SMARTY (Warner Brothers 1934; D: Robert Florey ) – Queen of Pre-Code Joan Blondell is back, and therapists would have a field day with her character of Vicki, a manipulative minx who equates being hit with being loved. Before you jump out of your skin, this is a romantic comedy – now you can jump! S& M overtones abound, and sexual innuendoes fly freely, as Joan’s incessant teasing of hubby Warren William (including a reference to “diced carrots”, obviously a penis size dig) leads him to slapping her face at a bridge party, and Joan winding up married to her divorce lawyer, Edward Everett Horton , who she also tortures into smacking her – but it’s a ploy to get back together with Warren! The censors must’ve been apoplectic viewing SMARTY, one of the last films in the Pre-Code cycle, as Joan also appears in various stages of undress, a voyeur’s delight. Despite the kinky subject matter, the movie is quite funny, with solid support from Claire Dodd, Frank McHugh, and Leonard Carey. Let me be clear: hitting women is NOT funny, but you’re doing yourself a disservice in letting that stop you from watching this outrageous screwball comedy. Fun Fact: Look fast for Dennis O’Keefe in one of his early, uncredited parts as a nightclub patron.

On Her Majesty’s Secret Service: Errol Flynn in THE SEA HAWK (Warner Brothers 1940)

Warner Brothers pulled out all the stops for their 1940 epic THE SEA HAWK. There’s dashing Errol Flynn swashbuckling his way across the Silver Screen once again, the proverbial cast of thousands, high seas action, romance, political intrigue, superb special effects, and a spirited score by Erich Wolfgang Korngold. The only thing missing that could’ve possibly made this movie better is Technicolor, but since Jack and his bros had already spent $1.7 million (equivalent to almost thirty million today) to produce it, why quibble?

Flynn is in fine form as privateer Geoffrey Thorpe, captain of the pirate ship Albatross, in service to Her Majesty Queen Elizabeth I. When they attack and plunder a Spanish ship carrying Ambassador Don Alvarez de Cordoba and his beautiful niece Maria, Captain Thorpe is reprimanded and told to lay off the Spanish. Spain, however, is building up their Armada with world conquest in mind, and Don Alvarez has been sent to conspire with the traitorous Lord Wolfingham. Thorpe and his crew have a plan to attack the Spaniards on land in The New World where they’re looting Native gold to finance their plot for domination. The Queen tells him no officially, but off the record gives Thorpe the okay. This leads Thorpe and company into a trap, captured, and sentenced by Spain to life imprisonment as Spanish galley slaves.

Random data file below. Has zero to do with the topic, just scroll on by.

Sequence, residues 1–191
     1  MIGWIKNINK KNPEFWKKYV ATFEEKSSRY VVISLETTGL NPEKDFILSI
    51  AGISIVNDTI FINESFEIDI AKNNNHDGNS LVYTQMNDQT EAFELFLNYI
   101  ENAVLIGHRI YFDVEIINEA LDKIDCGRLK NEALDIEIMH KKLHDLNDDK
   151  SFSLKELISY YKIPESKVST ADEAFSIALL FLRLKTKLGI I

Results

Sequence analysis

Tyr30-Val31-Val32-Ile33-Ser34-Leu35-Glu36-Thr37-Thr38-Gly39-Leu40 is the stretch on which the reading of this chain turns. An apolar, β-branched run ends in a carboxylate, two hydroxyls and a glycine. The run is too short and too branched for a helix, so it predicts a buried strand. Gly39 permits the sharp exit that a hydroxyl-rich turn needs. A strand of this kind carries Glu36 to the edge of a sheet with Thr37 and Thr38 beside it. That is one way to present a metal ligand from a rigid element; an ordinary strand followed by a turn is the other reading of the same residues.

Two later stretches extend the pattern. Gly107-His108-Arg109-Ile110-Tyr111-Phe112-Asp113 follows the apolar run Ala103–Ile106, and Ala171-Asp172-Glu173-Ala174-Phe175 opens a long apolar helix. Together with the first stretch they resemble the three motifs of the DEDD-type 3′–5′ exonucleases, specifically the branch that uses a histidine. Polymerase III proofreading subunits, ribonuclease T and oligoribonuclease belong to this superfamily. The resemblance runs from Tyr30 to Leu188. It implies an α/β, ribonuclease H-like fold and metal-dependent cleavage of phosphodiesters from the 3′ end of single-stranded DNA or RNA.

Of course Thorpe, being Errol Flynn and all, hatches an escape plan, and he and his men take over the Spanish ship after learning the Armada is headed for England. The valiant Thorpe returns to the motherland and engages in a deadly swordfight with Wolfingham, an action scene that rivals Flynn’s duel to the death with Basil Rathbone in THE ADVENTURES OF ROBIN HOOD . Flynn is quite the handsome rogue in this one, although the kicker here is he’s shy around women! An in-joke, to be sure! Anyway, he wins the hand of the fair Maria before returning to sea and his swashbuckling ways.

Beautiful Brenda Marshall plays Maria, at first repelled by Flynn’s buccaneer ways but soon falling for him. Miss Marshall starred in some memorable films (CAPTAINS OF THE CLOUDS, THE CONSTANT NYMPH, BACKGROUND TO DANGER), but her screen career lasted a mere five years. She retired after becoming Mrs. William Holden. Claude Rains lends his villainous presence to the part of the unctuous Don Alvarez. His co-conspirator Lord Wolfingham is none other than Henry Daniell, one of the screen’s great villains (CAMILLE, JANE EYRE, THE BODY SNATCHER ). Daniell is noted for his appearances in three Sherlock Holmes films, including a turn as Professor Moriarty in THE WOMAN IN GREEN. Flora Robson interprets Queen Elizabeth I a bit differently than Bette Davis in THE PRIVATE LIVES OF ELIZABETH AND ESSEX (also starring Flynn); her speech at film’s end rallying her subjects to fight against the enemy is a not-so-subtle plea against German aggression in those days before U.S. involvement in World War II.

Other cast members are burly Alan Hale Sr. as Thorpe’s second in command Pitt, Una O’Connor as Maria’s servant, Gilbert Roland as Spanish Captain Lopez, and a veritable Who’s Who of Familiar Faces: David Bruce , Edgar Buchanan , Clyde Cook, Donald Crisp , Pedro de Cordoba, Ian Keith , J.M. Kerrigan, Frank Lackteen, Jack LaRue, Montagu Love, William Lundigan, Lester Matthews , Gerald Mohr, Nestor Paiva, Jay Silverheels , James Stephenson, Victor Varconi , and others too numerous to mention. It seems like everyone who wasn’t employed at the time took part in this one except Rin Tin Tin!